Nature has developed a whole portfolio of adhesives produced by animals such as mussels with a holdfast and algae such as kelps, both of which can resist storm forces in the sea.. In particular, researchers have been looking into plant-based adhesives for their useful properties of biodegradability, resource-efficiency, and renewability, making them a better and more environmentally friendly alternative to current petroleum-based adhesive materials.

Aquatic organisms, both freshwater and marine, have evolved many ways to stick things together underwater. These bioadhesives are produced in a watery state, yet form a strong glue. They are adaptations that have evolved to fulfill specific roles in the organism’s lifestyle. Bioadhesives can provide permanent or temporary attachments, depending on the organism’s needs.

Biomimetic engineering should not consider natural glues as optimal solutions for underwater adhesion. Organisms live under numerous constraints, and adhesion is a multivariate optimisation process. There would be no evolutionary pressure to improve one function, like adhesive tenacity, to well beyond limitations imposed by factors like availability and capacity to utilise resources.

Organisms have limited pre-adapted building blocks to work with and face severe material processing restrictions imposed by narrow physiological conditions and the difficulties of regulated secretion. An example of potential appropriation of pre-adapted components into glue is the hypothesis that the curing mechanism of barnacle cement may be evolutionarily related to the biochemistry of blood clotting.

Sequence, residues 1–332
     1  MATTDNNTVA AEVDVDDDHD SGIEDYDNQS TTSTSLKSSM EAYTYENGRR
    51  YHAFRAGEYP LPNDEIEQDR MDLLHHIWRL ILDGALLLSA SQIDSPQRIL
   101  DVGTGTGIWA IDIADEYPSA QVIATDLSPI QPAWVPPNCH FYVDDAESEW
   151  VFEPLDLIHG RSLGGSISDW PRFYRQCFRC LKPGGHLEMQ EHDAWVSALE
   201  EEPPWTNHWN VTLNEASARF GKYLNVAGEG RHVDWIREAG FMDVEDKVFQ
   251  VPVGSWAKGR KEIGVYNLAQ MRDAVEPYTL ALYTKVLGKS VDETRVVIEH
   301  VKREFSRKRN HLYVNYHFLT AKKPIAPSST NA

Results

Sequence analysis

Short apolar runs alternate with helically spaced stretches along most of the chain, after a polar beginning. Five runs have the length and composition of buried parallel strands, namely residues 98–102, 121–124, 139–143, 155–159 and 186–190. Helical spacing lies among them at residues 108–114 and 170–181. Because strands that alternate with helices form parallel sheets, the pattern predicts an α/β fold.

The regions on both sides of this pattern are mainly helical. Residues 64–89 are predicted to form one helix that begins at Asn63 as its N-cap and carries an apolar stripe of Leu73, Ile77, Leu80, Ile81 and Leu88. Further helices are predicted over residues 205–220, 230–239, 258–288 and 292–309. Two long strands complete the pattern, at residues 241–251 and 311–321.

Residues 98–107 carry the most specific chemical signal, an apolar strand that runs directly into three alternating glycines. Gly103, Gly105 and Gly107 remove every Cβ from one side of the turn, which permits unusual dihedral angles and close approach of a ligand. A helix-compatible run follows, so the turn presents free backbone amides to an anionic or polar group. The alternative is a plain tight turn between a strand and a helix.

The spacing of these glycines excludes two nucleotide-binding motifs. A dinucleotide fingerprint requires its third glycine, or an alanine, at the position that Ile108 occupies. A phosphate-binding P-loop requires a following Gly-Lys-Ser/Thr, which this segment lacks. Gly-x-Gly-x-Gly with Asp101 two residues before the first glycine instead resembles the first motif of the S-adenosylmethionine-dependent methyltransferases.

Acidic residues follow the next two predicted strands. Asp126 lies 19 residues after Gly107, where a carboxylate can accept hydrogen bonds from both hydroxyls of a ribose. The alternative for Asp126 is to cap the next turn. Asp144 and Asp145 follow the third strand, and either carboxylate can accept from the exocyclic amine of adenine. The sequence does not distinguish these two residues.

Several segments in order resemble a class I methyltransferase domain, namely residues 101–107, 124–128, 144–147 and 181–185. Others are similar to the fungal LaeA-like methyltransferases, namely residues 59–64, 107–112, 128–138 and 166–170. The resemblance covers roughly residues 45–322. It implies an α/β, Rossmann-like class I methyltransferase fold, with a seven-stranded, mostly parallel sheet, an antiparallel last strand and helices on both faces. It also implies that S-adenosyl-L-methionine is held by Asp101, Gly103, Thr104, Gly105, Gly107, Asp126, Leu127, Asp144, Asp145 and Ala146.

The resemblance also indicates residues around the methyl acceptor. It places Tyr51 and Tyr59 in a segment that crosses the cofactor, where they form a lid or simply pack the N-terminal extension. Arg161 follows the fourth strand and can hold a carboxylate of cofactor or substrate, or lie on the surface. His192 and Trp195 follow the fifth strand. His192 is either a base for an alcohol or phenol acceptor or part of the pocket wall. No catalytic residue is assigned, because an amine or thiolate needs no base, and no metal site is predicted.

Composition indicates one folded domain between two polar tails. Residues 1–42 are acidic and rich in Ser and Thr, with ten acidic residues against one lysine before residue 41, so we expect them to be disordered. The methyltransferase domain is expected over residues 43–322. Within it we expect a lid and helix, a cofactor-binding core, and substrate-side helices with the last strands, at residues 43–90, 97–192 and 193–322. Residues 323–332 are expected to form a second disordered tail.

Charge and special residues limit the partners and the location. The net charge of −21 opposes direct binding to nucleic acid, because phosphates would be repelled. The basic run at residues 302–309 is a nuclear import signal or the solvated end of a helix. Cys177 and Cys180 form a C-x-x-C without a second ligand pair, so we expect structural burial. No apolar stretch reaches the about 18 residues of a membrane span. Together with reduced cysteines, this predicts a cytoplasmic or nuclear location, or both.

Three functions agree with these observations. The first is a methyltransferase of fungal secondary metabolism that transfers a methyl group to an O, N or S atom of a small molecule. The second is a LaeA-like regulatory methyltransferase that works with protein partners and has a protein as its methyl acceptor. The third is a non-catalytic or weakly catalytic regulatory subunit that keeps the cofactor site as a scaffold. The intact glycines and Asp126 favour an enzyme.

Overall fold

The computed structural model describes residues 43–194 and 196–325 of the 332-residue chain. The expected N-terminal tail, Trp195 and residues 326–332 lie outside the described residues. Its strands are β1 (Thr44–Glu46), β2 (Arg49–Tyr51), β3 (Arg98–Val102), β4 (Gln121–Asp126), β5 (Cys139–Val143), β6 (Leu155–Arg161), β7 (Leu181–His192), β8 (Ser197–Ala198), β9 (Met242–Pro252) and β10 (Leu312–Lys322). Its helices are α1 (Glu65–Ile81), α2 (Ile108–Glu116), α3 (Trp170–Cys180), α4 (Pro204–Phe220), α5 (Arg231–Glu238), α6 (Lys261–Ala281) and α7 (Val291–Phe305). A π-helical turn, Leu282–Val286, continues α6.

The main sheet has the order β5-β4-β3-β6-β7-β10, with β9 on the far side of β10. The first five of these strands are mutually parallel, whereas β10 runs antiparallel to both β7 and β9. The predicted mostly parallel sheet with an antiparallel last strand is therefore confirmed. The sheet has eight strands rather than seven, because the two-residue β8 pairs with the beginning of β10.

Underwater bioadhesives are not particularly strong. For example, byssal thread and plaque assemblies created by mussels had tensile bond strengths of 0.2–0.3 MPa. Therefore, mimetic adhesives for human technology must achieve higher underwater bond strengths.

Natural underwater adhesives offer more tricks to be learned. Individual mussel foot proteins interact in vitro, revealing how they fit together like puzzle pieces. Synthetic analogues may eventually adopt a hierarchical structure.


Bulrush plants